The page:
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by Tim Beissmann

Do you remember the first time you got to drive your parents’ car after you got your licence? Remember the incredible sense of freedom you experienced knowing that there was no one constantly looking over your shoulder? Maybe there were even one or two close calls that no one had to know about?

Since 2007, an insurance company in the US has been working in collaboration with a Californian technology company to put the parents right back in the passenger seat when things go wrong. The system is designed to improve the safety of young drivers, and according to recent reports, its popularity and effectiveness is growing.

American Family Insurance (AFI) offers free ‘DriveCam’ technology to parents to give them an insight into exactly what happened in their car before it was involved in an incident.

DriveCam is small, two-way camera that is attached to a vehicle’s rear view mirror. It captures footage of the road ahead, as well as sound and images of the driver.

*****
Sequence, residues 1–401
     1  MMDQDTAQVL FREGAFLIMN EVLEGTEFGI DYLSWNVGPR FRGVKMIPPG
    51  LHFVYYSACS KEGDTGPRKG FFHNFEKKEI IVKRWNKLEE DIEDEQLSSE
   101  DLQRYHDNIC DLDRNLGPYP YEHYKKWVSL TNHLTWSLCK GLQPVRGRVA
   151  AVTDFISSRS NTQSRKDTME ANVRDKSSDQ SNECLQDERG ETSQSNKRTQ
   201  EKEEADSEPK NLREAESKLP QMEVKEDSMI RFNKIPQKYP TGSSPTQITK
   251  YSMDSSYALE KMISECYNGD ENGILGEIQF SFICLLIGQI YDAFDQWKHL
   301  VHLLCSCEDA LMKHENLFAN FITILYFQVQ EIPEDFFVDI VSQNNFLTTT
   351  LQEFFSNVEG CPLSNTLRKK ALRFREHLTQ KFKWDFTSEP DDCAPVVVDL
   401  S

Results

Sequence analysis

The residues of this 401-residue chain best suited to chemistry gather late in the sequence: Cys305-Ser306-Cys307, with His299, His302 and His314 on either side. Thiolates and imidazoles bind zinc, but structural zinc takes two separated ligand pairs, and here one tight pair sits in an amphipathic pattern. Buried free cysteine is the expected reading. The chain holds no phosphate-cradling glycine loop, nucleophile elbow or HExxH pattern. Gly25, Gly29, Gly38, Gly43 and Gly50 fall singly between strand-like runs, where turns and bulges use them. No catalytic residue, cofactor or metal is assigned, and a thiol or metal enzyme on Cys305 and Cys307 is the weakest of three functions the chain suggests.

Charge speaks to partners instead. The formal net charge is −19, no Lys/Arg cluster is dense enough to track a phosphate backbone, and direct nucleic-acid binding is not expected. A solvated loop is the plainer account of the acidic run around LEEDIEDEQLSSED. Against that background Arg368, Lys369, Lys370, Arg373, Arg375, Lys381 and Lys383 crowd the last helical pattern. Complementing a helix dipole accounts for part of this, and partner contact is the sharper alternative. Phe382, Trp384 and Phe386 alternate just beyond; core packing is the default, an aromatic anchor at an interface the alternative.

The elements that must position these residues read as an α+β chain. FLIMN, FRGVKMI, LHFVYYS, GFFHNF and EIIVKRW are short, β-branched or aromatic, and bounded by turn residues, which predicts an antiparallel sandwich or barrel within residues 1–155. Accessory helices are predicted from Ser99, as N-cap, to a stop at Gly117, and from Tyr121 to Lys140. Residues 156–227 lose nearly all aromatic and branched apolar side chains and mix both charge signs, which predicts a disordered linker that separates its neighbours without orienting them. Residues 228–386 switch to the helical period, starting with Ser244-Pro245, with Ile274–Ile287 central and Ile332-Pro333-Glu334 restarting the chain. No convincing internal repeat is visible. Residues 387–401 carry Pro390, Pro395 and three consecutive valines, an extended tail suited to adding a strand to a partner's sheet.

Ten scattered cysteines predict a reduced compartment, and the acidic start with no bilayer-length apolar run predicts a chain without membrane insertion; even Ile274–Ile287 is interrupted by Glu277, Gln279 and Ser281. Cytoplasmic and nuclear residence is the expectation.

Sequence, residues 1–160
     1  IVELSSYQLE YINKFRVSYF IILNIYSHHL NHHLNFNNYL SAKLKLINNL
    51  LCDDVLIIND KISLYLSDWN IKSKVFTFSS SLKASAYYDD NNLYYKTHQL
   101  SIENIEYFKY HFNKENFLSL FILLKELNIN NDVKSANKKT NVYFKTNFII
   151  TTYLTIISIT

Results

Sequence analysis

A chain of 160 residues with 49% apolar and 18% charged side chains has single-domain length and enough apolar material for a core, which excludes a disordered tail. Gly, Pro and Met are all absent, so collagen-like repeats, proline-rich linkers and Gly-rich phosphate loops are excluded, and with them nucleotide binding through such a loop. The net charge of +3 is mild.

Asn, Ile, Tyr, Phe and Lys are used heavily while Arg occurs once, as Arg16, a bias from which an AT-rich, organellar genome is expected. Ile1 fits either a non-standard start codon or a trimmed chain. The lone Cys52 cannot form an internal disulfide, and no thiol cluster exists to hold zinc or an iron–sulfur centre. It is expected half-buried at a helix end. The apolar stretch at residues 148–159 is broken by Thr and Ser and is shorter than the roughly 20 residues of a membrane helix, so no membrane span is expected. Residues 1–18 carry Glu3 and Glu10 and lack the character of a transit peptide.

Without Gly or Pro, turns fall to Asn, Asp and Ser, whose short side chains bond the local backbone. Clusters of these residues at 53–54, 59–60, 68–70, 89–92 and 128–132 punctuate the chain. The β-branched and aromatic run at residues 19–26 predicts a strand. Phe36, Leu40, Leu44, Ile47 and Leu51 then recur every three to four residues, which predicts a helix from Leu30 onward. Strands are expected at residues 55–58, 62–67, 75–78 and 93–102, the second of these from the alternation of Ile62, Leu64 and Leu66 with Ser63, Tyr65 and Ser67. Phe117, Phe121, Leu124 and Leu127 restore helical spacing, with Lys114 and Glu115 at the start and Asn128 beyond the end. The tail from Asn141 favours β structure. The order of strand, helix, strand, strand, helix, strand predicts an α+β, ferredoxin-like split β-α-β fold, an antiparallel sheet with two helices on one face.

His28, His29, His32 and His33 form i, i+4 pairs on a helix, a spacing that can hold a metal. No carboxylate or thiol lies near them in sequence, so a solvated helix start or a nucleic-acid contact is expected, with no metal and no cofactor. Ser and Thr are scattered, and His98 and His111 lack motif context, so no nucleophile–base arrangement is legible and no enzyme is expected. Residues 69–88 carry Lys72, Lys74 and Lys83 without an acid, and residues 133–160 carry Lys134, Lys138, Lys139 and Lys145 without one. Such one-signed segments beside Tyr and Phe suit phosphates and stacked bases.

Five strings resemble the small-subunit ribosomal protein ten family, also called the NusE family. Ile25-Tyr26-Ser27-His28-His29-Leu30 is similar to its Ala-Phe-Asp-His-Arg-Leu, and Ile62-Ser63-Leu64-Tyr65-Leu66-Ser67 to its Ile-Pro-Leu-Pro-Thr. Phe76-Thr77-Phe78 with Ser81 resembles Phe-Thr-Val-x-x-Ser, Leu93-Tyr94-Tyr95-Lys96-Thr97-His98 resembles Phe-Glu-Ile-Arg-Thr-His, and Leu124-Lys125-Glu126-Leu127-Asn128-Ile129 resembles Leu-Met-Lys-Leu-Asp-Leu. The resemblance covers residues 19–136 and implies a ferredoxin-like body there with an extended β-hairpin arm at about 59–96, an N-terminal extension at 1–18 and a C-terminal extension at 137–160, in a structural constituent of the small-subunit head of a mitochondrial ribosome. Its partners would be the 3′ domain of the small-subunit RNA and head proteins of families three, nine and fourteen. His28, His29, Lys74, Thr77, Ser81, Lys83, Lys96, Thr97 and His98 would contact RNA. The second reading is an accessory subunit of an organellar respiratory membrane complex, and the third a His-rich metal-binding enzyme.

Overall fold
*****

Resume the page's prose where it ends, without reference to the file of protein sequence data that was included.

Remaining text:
The system does not capture the driver’s every move, however. It is designed to record and save only the 10 seconds before and after an incident, erratic movement or strong braking action. The data is sent to the insurance company who then sends the video to the parents and the young driver.

The concept is designed to encourage young people to drive more safely, with the assurance that their parents will only be able to spy on them if they become involved in a potentially dangerous situation.

AFI calls it the ‘Teen Safe Driving Program’, and it claims the program has reduced risky driving behaviour by 70 percent.

The ‘Big Brother’ system has not been enormously popular among young drivers, with the predominant emotion being one of an invasion of privacy. To a degree, the effectiveness of the system has depended on the relationship between young drivers and their parents.

Some other insurers and technology companies in the US offer GPS tracking and black box-esque devices, which allow parents to track their young driver’s movements, speeds and braking patterns when behind the wheel of the family car.

What do you think of DriveCam? Is it a valid safety device or an invasion of privacy? And would it work in Australia?




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